Saturday, 22 November 2014

Marc Bergevin turns water into wine, René Bourque into Bryan Allen.

First, Marc Bergevin flipped an extra, plodding, square peg veteran forward in Travis Moen, who has trouble contributing in the physical arena due to multiple concussions, and who was blocking the way for promising young forwards Jiri Sekac and Michaël Bournival, for Dallas' Sergei Gonchar.  The latter comes with a much bigger cap hit, but his contract runs out this year, whereas we had another year beyond this one on Travis'.

Now, suddenly, without any previous rumblings, he's transmuted René Bourque, who mere days before had passed through waivers with no claimants, into huge, tough, stay-at-home defenceman Bryan Allen.  Which is kind of the role we were hoping Jarred Tinordi would play this season.

So instead of Jarred and Nathan Beaulieu learning the ropes in the NHL and making mistakes, we now have veterans Bryan Allen and Sergei Gonchar, and a team that is obviously going to try to make a run for the playoffs.

Nathan Beaulieu has probably sealed his fate and bought his ticket back to Hamilton with that brain-dead pass across the middle of the defensive zone to Dale Weise, which was intercepted and ended up in his own net.  It was even more troubling when seen from the endzone camera, since it showed that Nate had an alley wide open to Drayson Bowman in the neutral zone if he'd chosen to go off the boards, as he's been taught to do his whole life, along with every other defenceman who ever played.  Instead, he tried to go against the grain, to be creative, he tried the dangerous play, and it bit him, hard.

Some will grumble that Michel Therrien isn't patient enough with youngsters, that he staples them to the bench after a mistake, but there are different degrees of mistakes.  I'm willing to bet that the coaches, Jean-Jacques Daigneault most notably, but also Sylvain Lefebvre and Donald Dufresne in Hamilton, have hammered the point home to him to take what the opposition gives him, to choose the safe play, to move the puck up and good things will happen, not to make risky plays unless he's in a desperate situation, etc.  I bet that Michel Therrien in his pre-game video and meetings emphasized again and again to his team that the Penguins were dangerous, to not try anything fancy, to work as a team and support each other, etc.  And then Nathan went and did the exact opposite.

There are different kinds of mistakes.  Fanning on a shot is one kind of a mistake, an error of execution, like a goalie getting beat by a soft shot through the legs.  You can take those as long as they don't happen too often.

There are mistakes when the player misses an assignment, blows a coverage, messes up a line change.  That's an error of focus, of concentration.  Those are a little more frustrating, but again, they happen.

Nathan's mistake was one of obstinance.  He did what he knew he wasn't supposed to do, because he thought he knew better, that he was better than that, that he thought the safe play was too predictable, so he should surprise the Penguins with a dashing breakout pass up the middle.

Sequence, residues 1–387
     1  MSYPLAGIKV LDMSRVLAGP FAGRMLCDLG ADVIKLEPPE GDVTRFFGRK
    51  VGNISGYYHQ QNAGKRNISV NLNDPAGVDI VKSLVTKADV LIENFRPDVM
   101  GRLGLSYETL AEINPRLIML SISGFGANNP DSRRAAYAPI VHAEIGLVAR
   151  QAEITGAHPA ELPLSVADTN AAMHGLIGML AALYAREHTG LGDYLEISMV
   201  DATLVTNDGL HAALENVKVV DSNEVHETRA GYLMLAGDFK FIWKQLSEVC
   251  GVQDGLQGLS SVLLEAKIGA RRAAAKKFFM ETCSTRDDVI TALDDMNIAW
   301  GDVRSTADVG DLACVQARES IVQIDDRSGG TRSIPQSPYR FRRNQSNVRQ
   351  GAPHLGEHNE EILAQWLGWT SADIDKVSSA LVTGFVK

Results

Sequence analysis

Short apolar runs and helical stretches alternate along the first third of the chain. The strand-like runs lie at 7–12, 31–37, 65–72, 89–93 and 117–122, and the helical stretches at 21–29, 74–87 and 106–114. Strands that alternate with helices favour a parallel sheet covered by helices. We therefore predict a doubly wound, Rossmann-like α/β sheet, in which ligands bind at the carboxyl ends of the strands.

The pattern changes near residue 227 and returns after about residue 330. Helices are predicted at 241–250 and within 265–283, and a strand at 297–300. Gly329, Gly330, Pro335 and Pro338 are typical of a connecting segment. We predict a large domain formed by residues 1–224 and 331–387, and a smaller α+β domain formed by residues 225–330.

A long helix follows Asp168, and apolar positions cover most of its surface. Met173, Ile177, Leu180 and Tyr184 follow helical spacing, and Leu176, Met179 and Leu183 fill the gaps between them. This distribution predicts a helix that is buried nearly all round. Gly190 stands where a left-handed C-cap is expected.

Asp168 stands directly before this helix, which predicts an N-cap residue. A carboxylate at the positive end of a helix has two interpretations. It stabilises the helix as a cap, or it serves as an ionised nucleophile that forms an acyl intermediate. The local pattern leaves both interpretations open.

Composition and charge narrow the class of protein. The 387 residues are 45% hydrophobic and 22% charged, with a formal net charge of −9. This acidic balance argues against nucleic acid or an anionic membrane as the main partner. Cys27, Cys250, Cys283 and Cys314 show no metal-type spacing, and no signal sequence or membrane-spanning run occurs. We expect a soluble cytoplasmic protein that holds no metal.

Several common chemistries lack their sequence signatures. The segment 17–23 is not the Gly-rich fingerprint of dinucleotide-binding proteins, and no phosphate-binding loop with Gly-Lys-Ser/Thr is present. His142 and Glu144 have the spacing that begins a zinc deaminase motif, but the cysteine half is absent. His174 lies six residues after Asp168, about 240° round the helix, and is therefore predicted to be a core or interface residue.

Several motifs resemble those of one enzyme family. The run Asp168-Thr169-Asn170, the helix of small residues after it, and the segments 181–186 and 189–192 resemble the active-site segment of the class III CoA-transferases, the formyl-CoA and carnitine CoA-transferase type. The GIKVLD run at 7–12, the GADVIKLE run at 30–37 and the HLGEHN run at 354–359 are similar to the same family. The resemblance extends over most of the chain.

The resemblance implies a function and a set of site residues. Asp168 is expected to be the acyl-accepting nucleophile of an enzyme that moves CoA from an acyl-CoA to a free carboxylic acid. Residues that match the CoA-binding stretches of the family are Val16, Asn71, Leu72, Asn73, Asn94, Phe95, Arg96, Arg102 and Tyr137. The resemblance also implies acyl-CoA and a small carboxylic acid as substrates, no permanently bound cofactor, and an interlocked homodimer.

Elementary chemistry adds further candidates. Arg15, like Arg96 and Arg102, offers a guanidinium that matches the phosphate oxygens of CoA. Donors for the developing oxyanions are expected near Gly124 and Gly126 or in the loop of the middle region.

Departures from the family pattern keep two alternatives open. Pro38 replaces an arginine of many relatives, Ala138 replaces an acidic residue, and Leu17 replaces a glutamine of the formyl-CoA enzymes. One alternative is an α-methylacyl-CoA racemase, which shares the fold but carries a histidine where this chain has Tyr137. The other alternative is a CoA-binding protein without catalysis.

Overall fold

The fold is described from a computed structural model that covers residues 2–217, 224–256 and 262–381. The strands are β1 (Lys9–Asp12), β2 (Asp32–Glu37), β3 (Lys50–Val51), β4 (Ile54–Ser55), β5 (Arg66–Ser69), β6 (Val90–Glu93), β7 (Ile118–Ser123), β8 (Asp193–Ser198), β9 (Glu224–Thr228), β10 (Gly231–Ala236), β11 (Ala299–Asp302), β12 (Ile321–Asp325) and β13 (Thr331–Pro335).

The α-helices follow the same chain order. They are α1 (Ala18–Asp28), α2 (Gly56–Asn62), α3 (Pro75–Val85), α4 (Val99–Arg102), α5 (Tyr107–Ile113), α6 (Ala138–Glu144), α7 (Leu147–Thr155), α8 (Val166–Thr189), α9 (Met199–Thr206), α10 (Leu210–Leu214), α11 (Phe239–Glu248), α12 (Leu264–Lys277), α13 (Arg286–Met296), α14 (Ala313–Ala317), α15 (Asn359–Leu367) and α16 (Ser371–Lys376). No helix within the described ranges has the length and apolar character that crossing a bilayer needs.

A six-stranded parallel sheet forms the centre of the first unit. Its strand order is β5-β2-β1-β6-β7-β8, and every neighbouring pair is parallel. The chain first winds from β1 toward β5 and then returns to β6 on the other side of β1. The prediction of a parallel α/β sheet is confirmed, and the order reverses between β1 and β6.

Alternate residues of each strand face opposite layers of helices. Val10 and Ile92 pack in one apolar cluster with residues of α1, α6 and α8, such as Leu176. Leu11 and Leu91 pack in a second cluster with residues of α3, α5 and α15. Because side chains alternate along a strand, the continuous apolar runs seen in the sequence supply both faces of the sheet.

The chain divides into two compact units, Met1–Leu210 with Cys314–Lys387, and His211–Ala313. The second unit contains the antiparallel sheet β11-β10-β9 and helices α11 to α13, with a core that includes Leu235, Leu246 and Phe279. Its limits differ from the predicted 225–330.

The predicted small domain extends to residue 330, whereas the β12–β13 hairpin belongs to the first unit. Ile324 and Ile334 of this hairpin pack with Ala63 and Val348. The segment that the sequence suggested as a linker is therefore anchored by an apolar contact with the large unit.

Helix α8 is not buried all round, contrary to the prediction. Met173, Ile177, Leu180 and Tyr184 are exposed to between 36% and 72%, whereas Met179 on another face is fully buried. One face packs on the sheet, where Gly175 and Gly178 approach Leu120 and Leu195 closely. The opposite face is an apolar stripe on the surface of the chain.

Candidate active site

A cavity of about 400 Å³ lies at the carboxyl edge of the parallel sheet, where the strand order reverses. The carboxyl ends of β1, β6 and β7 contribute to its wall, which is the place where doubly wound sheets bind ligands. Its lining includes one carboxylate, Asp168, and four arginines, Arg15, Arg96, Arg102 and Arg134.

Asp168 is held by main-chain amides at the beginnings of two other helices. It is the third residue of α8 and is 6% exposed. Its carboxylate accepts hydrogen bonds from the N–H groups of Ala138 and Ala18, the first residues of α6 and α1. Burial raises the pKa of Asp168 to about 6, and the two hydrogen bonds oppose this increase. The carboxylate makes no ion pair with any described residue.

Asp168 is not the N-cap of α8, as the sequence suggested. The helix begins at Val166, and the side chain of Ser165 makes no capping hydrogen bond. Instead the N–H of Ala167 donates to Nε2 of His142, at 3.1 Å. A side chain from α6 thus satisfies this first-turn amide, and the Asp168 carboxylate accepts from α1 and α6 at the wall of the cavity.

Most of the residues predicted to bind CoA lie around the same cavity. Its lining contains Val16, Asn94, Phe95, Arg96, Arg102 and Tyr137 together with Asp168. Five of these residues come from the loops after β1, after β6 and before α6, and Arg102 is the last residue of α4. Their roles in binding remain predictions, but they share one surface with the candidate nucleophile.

So the brain trust decided that they couldn't ride their young ponies this season, they needed some trusty Clydesdales instead, and we have an instant transformation of the back end, with a solid third pairing rough-and-tumble guy in Bryan Allen, and a borderline second-pairing guy in Sergei Gonchar if his minutes are carefully managed.

I’ve sometimes thought that Marc Bergevin did take the job in 2012 thinking that while he had a good core to work with, some good pieces, that he had a rebuild on his hands, although not one reflective of a team that should have been in last place in the conference. I think when play finally resumed, he was pleasantly surprised at the results, two seasons in a row, and decided not to go all Sabres on us, go scorched-earth, and adjusted his plan to win rather than swap assets for futures.

This season also, he may have been, as he stated, ready for a step backward in the standings, but again, solid goaltending and a resilient team that fights for every point may be causing him to rethink that. Surveying the landscape, he may have switched gears again, and decided that with a Carey Price at the height of his powers, there was no better time than the present to go for the Cup.

At no great cost he obtained patch-job defencemen that enhance the roster, sending away pieces that was more superfluous than useful this season. And his organizational plan that Jarred and Nathan would experience their growing pains on the big league roster gave way to one where, in light of the journeymen results of Alexei Emelin and Tom Gilbert among others, he modified to one where the youngsters got more miles in the AHL, since they are waiver-exempt this season anyway.

One thing about watching 24CH, or the press conferences at the trade deadline or the end of the season, is that it shows these gentlemen are all aware of the issues we rail about on HIO, they have a little more info than we do let’s admit, and they make the best decision they can. They’d love it if Jarred and Nathan were the second coming of Rod Langway and Tom Kurvers this early in their pro career, that’d make things easy, but since they’re not quite there, they have to make a decision.

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